Also, I believe our feelings (adults)are hurt much more so than our children when something shitty is said, we could take a few lessons from them and get over it as fast as they do too.

  • March 9, 2010

    I’m also delurking to give my two cents. I agree with commenter #3 (Lgirl). I’m not a parent, but I can speak from the perspective of a child whose parent had the option to put her forward or keep her back.

    I scored exceptionally high on my standardized (and some other) tests in the third grade, and my mother had the option to put me into fifth grade the next year or to just keep me on track with the rest of my classmates. She chose to keep me with my classmates not because she didn’t think I could handle the academics but for fear that I would be ostracized and wouldn’t be able to adjust socially. I understand that it isn’t the exactly the same option for you, but for what it’s worth, I wish my mother had allowed me to skip fourth grade; I was bored, and I needed the academic challenge. I know that, socially, I was a chameleon throughout elementary school anyway—I found my niche in high school. Kids are good at adjusting.

    Best of luck to you.

  • March 10, 2010

    You and Mr. Flinger do what you need and want to do. Your internet friends are a nice sounding board, but both of you are strong parents who make wise and loving decisions.

  • Jamie, Mom of 3
    March 10, 2010

    I wish there was an easy answer for that question. I have a son who is in the 8th grade now. He’s insanely smart, his teachers LOVE him, he’s incredibly sweet, I adore him. Obviously. But, he’s been challenged his entire life, he is developmentally delayed in alot of areas, speech, fine motor skills, etc. he’s been the picked on kid. When he was in 3rd grade a little girl in his class decided to “look out” for him I guess you’d say… She made sure he had what he was supposed to have for the activity they were doing, was on the correct page, etc etc. She was a true gift to him. She saw what he needed and just did it. We all are so appreciative of her. What she taught him and us, is priceless.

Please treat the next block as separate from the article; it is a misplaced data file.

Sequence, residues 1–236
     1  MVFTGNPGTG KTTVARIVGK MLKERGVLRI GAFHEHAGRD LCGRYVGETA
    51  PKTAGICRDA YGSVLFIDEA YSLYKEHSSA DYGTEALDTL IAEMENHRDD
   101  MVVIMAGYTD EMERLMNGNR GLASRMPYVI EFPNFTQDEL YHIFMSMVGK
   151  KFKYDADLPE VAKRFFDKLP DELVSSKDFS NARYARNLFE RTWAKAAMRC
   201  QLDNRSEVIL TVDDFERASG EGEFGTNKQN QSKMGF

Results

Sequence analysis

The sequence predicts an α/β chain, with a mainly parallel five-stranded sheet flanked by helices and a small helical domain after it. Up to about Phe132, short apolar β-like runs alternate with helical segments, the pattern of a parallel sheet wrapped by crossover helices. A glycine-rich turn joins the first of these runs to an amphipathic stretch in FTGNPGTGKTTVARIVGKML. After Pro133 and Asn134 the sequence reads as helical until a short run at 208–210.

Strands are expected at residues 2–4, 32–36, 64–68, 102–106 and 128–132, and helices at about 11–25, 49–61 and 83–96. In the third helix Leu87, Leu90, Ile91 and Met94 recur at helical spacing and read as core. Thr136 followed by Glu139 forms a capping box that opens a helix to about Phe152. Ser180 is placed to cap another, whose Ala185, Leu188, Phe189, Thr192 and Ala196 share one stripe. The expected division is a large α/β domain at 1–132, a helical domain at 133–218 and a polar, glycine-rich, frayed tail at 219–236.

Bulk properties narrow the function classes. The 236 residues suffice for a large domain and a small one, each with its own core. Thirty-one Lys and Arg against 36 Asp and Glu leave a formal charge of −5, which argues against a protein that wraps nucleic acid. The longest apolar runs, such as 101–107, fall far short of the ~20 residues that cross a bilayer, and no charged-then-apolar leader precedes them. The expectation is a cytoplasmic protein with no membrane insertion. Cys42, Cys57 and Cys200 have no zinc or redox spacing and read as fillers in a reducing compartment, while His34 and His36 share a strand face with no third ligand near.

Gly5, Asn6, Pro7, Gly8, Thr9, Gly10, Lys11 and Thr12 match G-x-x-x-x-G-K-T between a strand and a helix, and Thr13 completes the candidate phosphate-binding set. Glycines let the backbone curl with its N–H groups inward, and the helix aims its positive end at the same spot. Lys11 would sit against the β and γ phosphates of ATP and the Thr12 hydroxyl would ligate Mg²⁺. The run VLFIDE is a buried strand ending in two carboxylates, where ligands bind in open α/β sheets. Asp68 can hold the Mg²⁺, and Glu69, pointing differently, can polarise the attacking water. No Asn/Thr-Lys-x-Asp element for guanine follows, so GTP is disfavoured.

Whatever your choice, it’ll be the right one. Who knows Maybe with how you’ve raised your daughter, she’ll be the one to step up when she sees a classmate who might need some extra attention.

  • March 10, 2010

    I agree that if she gets bored it may be harder for you but I also agree with Oma that ultimately the decision is up to you and Mr. Flinger.  I would even include your daughter in these discussions….but I am sure that she will do fine in first grade. 

    ((hugs))

  • March 10, 2010

    I think the best thing is to make your daughter bully aware, and give her the self confidence to deal with them. When bullies lose their power they shrink.

    A gifted child who gets bored won’t even learn at the normal rate. I am sure she’ll find friends and allies and be just fine.

  • March 10, 2010

    I think if she’s excelling at her current level and her age matches that of the others then it is appropriate to let her move on. I wouldn’t want to hold her back and her be the oldest in the bunch. I know that could in some ways be beneficial to her later on… getting her license before everyone else in her class. There will always be bullies and as long as you raise her to be strong and confident, she’ll do fine.

  • March 12, 2010

    I would ask the teacher what she thought about holding her back vs. starting first grade.

    Honestly, you are such a good parent I don’t think you could get it wrong either way. My sister was one of the oldest in her class and did well. My husband was one of the youngest in his class and he’s turned out fine too. I don’t think it’s an age issue as much as a maturity issue.

  • March 19, 2010

    Step one: cut apron strings

    Step two: go into corner, assume fetal position, rock and cry.

    lather, rinse, repeat. Watching our kids get bullied, get smarter, and grow their individuality is the best thing and the worst thing about parenting, all rolled into one huge snot-coverd ball of wax.